AB: Josh started a little tradition of listening to Miles’ Live at the Plugged Nickel on the way to ETA. It’s more about getting into that space of deep listening and freedom, rather than emulating anything specific, stylistically. We almost deliberately don’t talk about the music beforehand, which is incidentally also what we do with Jeff’s Monday Night Band. It’s fun to go in without any preconceptions, and to be playing with such skilled musicians that we can really do that effectively.

J.Chiu: I don’t think we spoke about anything besides what wine or drink to order before playing — nothing decided, open to it all. That being said, I do remember Booker and I listening to Sextant and On the Corner en route to ETA, and talking a lot about Can and Tony Williams Lifetime.

The album’s post-recording editing/chopping/re-arranging references techniques used by Teo Macero's Miles Davis albums. Would love to hear more about that process and working with Nagra tape recordings.

B. Stardrum: With the exception of a few overdubs, this music was engineered and recorded live to Nagra tape by Bryce Gonzalez at ETA and given to us as pre-mixed stereo files. Things happen live that just don’t happen in the studio — playing in front of an audience and receiving that spontaneous feedback is magic. But, we were working with several hours of music that we wanted to weed down to an LP’s length, and we wanted it to sound like a developed album, not just a document of the live gig. Working with only a pre-mixed stereo file of an entire band as a starting point to making an album is a major limitation, but it was also an opportunity.

We took inspiration from Teo’s collaborations with Miles. On albums like On The Corner, Bitches Brew and Live Evil, they cut up (actually spliced tape) long performances and studio jams and stitched them together into more succinct compositions that would fit onto vinyl. Taking cues from electronic composers like Stockhausen who were experimenting with tape manipulation in composition, they pioneered this technique of splicing and editing jazz and improvised music. So, while we were not splicing actual tape, we worked in Ableton and edited long form improvisations down into shorter arrangements, sometimes leaving longer passages, and other times creating shorter loops or manipulating the original recording in some way, adding over dubs, etc.

I love how “Feed the Birds” flows directly into “Greg’s Melody” and sounds like it was the end of one of the shows or jam sessions. For those of us who are less familiar with the dynamics of improvised music, how does a moment like that happen in a jam setting?

J.Johnson: When we’re improvising together I think often we’re looking for opportunities to create contrast and explore different topography — especially in the context of “set 1” and “set 2”. A moment like “Greg’s Melody” feels like a breath of fresh air and relief. We get to walk into a different, contrasting room in the house. Energetically, you feel the thing that’s been expanding over the course of a set contracting, slowing down into reverent beauty — sending you off for the night.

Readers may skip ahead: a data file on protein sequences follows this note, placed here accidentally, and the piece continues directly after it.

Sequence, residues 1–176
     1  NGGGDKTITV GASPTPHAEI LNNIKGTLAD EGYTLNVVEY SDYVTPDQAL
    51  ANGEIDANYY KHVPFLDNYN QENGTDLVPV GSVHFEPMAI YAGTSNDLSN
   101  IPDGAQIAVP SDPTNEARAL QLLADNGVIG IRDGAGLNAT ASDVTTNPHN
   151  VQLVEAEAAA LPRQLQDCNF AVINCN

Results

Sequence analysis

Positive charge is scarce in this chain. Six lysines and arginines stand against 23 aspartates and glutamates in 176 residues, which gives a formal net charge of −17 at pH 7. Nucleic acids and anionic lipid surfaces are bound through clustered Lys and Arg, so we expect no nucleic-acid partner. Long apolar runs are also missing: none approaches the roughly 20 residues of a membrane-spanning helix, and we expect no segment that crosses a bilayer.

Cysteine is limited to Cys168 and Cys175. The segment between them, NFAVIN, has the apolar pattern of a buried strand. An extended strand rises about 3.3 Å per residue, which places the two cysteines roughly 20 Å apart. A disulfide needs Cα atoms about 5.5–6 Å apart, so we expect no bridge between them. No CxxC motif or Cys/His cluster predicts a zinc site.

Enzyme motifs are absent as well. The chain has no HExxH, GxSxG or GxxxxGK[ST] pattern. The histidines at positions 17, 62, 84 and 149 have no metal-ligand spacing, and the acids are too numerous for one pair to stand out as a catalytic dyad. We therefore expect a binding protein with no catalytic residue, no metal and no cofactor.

What are some other Los Angeles albums from recent years that are worth paying attention to or deserve more attention?

J.Chiu: This might be the perfect moment to mention that if you were to listen to any one of our solo records—or even putting two on simultaneously (!)—that you might find the synergy between our textures, tones, and approaches to rhythm and melody. Recently in LA, I loved Ben Lumsdaine’s Murmuration Without End, Josiah Steinbrick’s For Anyone That Know’s You, Celia Hollander’s 2nd Draft, Byron Westbrook’s Translucents, Patrick Shiroishi’s I was too young to hear silence before, Lisel’s Patterns For Auto​-​Tuned Voices And Delay. 

AB: Paul Bryan’s Western Electric from earlier this year is incredible. I’ll second Jeremiah in saying that any of our solo records would be a fitting companion to Small Medium Large. Also want to highlight Greg’s duo record with Meg Duffy Doubles, and on a very different note, A Grape Dope (John Herndon) Backyard Bangers.

What’s coming up next for this group?

G. Uhlmann: We’re doing a few release shows coming up which is very exciting. It’s hard for the group to get together often because of everyone’s schedules, so we’re trying to take advantage of when we play by recording shows when we can. So, who knows maybe we’ll have another record started soon! Part of the concept of the group is that it can expand and contract depending on the circumstance out of necessity and I feel that idea has even extended beyond the scope of the group into other configurations with two or more members. It has had a spider web effect and has really inspired us to collaborate with everyone in the band in different capacities. In some ways inspired by the model of the AACM in Chicago and how communal and generative that movement/time was.

Photo by Joyce Kim